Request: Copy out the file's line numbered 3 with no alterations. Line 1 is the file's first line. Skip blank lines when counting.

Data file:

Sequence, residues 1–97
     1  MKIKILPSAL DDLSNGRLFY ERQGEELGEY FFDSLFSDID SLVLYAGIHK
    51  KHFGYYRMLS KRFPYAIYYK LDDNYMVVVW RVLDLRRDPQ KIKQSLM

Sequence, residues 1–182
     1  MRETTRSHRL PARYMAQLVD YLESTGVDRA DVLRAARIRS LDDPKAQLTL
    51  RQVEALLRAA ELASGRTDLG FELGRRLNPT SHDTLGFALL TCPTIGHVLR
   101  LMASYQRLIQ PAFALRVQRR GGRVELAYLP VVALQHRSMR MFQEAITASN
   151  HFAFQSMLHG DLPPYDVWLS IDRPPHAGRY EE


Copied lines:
    51  KHFGYYRMLS KRFPYAIYYK LDDNYMVVVW RVLDLRRDPQ KIKQSLM